Tuesday, December 06, 2016 by environews
The Bureau of Land Management (BLM) is preparing to open up bidding for fracking operations in Ohio’s only national forest.
An online auction is planned for Dec. 13 that will accept bids of as little as $2 per acre for the first 1,600 of 40,000 acres to be leased to oil and gas developers in Wayne National Forest.
Opponents of the leasing scheme claim that the decision was based on flawed environmental assessments that underestimated the potential environmental impact on the forest.
From True Activist:
“Following its final environmental assessment of the effects of fracking on Wayne National Forest, the BLM found that “no significant impact” would take place if fracking was allowed to occur in the area. However, the environmental assessment ignored fracking’s threat to drinking water, as well as its effect on air quality and climate. The assessment also fails to consider the cumulative effects of fracking in the forest and the assessment’s findings are based on research that is over 11 years old.”
In the section of the assessment addressing the “anticipated environmental effects” of the fracking operations, the BLM claims that there would be “no direct effects from leasing” on air/resources/climate, plant and animal habitat and populations, geology and mineral resources, soil or water resources and water quality.
Clearly, this is either a head-in-the-sand appraisal of the situation or a bald-faced lie. It’s impossible for any clear-thinking person to imagine that fracking will have no direct effects on Wayne National Forest.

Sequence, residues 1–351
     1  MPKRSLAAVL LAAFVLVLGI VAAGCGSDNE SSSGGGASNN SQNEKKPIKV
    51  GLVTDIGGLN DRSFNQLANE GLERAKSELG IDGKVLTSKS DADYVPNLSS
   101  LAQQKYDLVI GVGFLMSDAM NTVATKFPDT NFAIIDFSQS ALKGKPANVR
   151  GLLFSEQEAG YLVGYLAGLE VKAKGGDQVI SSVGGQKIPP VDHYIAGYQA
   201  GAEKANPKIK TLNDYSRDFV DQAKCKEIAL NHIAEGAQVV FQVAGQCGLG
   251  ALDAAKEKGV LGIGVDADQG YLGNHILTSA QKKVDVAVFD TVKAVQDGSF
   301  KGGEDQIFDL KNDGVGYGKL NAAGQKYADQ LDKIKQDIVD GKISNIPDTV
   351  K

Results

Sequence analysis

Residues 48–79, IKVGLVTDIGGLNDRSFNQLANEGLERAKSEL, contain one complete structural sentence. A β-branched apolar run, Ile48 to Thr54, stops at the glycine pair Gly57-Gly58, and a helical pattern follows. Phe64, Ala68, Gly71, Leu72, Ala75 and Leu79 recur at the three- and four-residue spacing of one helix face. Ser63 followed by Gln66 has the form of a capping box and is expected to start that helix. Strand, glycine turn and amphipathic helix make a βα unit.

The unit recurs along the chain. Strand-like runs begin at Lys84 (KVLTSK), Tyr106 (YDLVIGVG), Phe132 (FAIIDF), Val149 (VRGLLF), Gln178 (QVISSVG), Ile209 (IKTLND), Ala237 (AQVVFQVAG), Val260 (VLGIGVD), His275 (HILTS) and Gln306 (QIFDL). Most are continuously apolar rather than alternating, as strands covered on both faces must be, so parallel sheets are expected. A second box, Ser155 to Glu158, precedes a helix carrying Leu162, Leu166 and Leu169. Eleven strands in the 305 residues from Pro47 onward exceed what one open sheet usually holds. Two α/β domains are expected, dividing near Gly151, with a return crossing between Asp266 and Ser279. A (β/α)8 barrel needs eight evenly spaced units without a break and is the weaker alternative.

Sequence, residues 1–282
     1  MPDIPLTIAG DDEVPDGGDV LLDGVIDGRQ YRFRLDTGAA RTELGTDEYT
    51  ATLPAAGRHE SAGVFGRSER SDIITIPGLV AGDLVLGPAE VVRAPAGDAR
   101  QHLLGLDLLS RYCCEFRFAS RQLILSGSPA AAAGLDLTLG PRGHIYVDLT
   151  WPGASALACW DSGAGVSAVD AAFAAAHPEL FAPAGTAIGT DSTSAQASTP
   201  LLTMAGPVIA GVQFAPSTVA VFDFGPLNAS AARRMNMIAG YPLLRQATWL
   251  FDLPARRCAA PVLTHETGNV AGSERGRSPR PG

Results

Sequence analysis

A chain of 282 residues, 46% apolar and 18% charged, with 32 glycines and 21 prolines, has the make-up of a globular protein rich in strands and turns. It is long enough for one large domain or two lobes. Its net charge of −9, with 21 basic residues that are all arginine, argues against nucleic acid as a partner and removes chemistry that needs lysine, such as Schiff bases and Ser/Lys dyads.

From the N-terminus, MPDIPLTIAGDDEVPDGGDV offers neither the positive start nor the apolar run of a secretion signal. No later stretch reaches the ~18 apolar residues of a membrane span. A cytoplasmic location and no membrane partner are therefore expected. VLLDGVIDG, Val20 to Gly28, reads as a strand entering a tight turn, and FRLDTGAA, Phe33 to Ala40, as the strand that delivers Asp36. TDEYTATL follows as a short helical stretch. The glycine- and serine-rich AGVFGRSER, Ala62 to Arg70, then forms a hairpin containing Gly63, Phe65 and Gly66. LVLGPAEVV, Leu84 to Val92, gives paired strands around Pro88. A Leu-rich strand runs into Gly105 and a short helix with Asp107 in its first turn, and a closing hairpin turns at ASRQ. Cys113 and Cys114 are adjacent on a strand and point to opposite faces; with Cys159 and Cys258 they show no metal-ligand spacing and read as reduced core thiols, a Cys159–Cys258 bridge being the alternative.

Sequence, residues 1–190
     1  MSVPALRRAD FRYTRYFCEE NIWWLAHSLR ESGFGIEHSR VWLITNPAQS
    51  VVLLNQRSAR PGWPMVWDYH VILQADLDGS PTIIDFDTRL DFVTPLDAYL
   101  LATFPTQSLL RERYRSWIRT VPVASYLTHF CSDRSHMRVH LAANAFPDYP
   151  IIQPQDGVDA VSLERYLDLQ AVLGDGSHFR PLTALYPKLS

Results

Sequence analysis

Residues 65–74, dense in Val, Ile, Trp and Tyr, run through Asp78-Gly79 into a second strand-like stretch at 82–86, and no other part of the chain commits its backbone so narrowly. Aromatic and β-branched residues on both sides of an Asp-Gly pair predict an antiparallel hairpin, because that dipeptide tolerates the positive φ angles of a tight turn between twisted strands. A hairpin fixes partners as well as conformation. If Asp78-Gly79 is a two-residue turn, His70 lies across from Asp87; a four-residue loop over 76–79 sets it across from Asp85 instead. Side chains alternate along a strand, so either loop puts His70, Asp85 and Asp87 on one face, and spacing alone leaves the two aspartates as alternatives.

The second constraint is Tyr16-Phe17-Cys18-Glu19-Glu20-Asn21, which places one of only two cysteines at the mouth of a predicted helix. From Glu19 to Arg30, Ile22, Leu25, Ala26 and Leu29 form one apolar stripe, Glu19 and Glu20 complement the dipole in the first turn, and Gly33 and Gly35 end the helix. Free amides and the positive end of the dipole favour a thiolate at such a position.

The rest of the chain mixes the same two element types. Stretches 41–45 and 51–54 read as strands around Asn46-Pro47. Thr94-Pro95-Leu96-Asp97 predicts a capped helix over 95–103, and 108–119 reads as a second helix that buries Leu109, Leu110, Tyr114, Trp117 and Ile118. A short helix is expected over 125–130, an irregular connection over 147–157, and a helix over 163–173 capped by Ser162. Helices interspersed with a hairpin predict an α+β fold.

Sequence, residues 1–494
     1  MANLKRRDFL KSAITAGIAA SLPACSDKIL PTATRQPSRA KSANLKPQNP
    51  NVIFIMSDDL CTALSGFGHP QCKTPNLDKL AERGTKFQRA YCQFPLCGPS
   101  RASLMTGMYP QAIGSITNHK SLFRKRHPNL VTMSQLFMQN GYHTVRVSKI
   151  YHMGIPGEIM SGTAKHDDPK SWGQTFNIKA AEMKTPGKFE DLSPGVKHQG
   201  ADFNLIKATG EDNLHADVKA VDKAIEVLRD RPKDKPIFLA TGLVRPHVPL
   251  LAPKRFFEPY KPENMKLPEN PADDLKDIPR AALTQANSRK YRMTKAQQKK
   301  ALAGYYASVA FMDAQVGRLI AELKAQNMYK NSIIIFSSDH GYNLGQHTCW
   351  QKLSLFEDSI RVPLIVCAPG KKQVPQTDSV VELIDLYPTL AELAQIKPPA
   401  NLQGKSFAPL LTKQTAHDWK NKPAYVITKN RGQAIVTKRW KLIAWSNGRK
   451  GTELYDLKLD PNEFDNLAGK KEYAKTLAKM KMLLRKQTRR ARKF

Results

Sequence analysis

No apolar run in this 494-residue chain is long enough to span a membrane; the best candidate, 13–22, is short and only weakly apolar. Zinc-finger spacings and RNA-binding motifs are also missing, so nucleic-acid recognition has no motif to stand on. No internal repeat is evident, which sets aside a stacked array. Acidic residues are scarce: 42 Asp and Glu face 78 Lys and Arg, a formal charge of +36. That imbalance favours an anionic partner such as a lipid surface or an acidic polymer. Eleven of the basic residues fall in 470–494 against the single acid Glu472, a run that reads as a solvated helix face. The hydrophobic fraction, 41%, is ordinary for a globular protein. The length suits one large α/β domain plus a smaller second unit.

But the BLM is famous for serving private interests as well as its own – the agency makes money from leasing millions of acres of federal land to the fossil fuel industry.
Opposition to the scheme has so far been largely unsuccessful – the agency has chosen to ignore 17,000 public comments voicing concerns over the impact of fracking in Wayne National Forest. There are accusations that the rights of the local Native American minority and low-income populations living nearby are also being ignored – opponents say this constitutes a violation of 1994 Executive Order #12898, which addresses environmental justice issues.
But time is running out:
“Currently, less than 30 days remain for opponents of the planned, land leasing to file a formal protest against the auction. An attorney for the Ohio Environmental Council has said that their organization will appeal the BLM’s decision on the grounds that environmental concerns were not adequately considered.”
Considering the fact that the extent of the negative effects of fracking on the environment and human health have only recently begun to be fully recognized, it would seem that basing an environmental assessment on information more than a decade old would be adequate grounds for such an appeal.
A Johns Hopkins School of Medicine study published this year revealed a number of previously unrecognized adverse health effects associated with fracking, including migraines, nasal and sinus problems, and fatigue.
And those are just a few of the effects of fracking on human health. Pollution from fracking in our air and water is causing an increase in cancer rates as well as heart disease and neurological disorders.
Fracking poisons our food, our air and water supplies, kills wildlife, causes earthquakes and destroys ecosystems.
It will be interesting to see how President-elect Trump manages to live up to his campaign promises of deregulating the gas and oil industry without also posing great risk to the public and the environment.
He is correct in condemning the regulatory system – it certainly needs an overhaul – but it will take extraordinary leadership skills to strike a balance between economic interests and those of public health and environmental protection.